The Glory that is the Sudbury Riverside

The Glory that is the Sudbury Riverside
June 1, 2014 Adrian Walters

What a very fine time of year it is to be out in the English countryside and particularly on Sudbury’s beautiful riverside. All growth is young, lush and fresh; the pastures spangled with buttercups and on the river, here and there, a young brood of ducklings or cygnets with their parents. The ditches on the pastures teem with a wide range of life which can be easily appreciated with a bowl and net or by careful observation of the clear water. On warm days damselflies and dragonflies are on wing and various species will continue to grace these waterways until the cold of winter arrives once more.

In the pastures and ditches various plants also continue to put in an appearance. It is interesting to note how site faithful the less common species can be. For instance, round fruited rush and adder’s tongue can be found in the same vicinity as twenty years ago with little evidence of range expansion which, of course, is why they are rather uncommon.

Summer is the time for educational visits and group guided walks and it is always a pleasure to show people first hand what the riverside has to offer in terms of wildlife. There is always surprise at so much life in such an apparently ordinary landscape but careful farming management means that our riverside is particularly rich in wildlife.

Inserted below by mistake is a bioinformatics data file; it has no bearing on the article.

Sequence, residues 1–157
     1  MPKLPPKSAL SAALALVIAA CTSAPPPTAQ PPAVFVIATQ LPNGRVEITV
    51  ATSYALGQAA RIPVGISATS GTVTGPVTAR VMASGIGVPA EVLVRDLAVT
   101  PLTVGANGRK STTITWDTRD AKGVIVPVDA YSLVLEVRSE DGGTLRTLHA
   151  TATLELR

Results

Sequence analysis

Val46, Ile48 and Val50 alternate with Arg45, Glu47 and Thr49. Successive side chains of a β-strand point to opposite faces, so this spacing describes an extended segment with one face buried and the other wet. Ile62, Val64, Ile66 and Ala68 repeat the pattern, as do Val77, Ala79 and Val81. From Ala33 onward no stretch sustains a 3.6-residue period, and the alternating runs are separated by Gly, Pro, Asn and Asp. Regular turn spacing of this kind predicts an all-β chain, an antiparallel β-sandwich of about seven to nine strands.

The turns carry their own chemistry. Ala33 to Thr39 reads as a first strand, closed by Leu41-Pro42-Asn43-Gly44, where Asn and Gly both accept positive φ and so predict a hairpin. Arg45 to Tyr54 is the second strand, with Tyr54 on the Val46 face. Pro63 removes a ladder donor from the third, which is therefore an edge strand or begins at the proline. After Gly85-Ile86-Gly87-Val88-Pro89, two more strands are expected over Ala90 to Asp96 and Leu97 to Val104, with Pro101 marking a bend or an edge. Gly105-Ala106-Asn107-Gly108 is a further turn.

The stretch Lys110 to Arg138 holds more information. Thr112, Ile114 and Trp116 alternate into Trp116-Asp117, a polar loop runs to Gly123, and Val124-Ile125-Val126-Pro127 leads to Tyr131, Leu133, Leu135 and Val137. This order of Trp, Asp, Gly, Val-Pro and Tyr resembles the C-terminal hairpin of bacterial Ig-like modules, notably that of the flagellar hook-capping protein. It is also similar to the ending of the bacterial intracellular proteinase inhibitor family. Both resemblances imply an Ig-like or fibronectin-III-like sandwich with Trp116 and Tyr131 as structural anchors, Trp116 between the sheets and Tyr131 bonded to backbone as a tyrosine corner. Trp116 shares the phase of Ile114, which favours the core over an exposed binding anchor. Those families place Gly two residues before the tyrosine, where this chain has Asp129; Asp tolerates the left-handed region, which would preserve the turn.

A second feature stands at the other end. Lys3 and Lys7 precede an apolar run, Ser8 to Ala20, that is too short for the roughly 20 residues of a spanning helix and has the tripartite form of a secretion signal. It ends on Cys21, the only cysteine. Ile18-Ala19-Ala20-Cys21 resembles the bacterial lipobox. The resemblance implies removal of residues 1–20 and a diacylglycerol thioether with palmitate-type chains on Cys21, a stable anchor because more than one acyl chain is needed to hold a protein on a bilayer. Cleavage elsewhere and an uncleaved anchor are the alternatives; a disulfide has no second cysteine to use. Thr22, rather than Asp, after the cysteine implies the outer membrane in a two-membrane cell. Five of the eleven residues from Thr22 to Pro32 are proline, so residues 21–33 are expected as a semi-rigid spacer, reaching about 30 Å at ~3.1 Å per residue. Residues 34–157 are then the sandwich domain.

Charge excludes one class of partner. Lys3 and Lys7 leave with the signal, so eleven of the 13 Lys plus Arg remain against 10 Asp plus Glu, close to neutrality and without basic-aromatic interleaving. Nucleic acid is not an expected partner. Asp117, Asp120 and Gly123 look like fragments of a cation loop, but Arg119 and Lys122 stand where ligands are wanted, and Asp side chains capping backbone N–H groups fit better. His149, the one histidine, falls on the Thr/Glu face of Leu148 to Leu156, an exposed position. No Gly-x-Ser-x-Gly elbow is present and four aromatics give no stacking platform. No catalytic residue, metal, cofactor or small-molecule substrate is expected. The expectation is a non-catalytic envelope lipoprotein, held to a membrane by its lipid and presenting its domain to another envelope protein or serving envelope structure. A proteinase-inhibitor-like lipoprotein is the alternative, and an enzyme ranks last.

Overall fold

Of course, there are certain limitations on the public open spaces. For instance it is highly unlikely that skylarks will nest again on the Sudbury Common Lands because the area has become so very popular as an informal recreational site, both for humans and their canine friends. On Friars Meadow the uncommon marsh orchids are unable to establish themselves because each year they are picked or possibly dug-up. Fortunately species can thrive where there is much less disturbance and site visits are generally only made by guided groups. Here orchids can bloom and set seed without danger of being picked, lizards can rustle through the grasslands in their quest for small insects and barn owls can nest and rear their broods undisturbed. Thus the increasingly rich diversity of Sudbury’s unique riverside is ensured.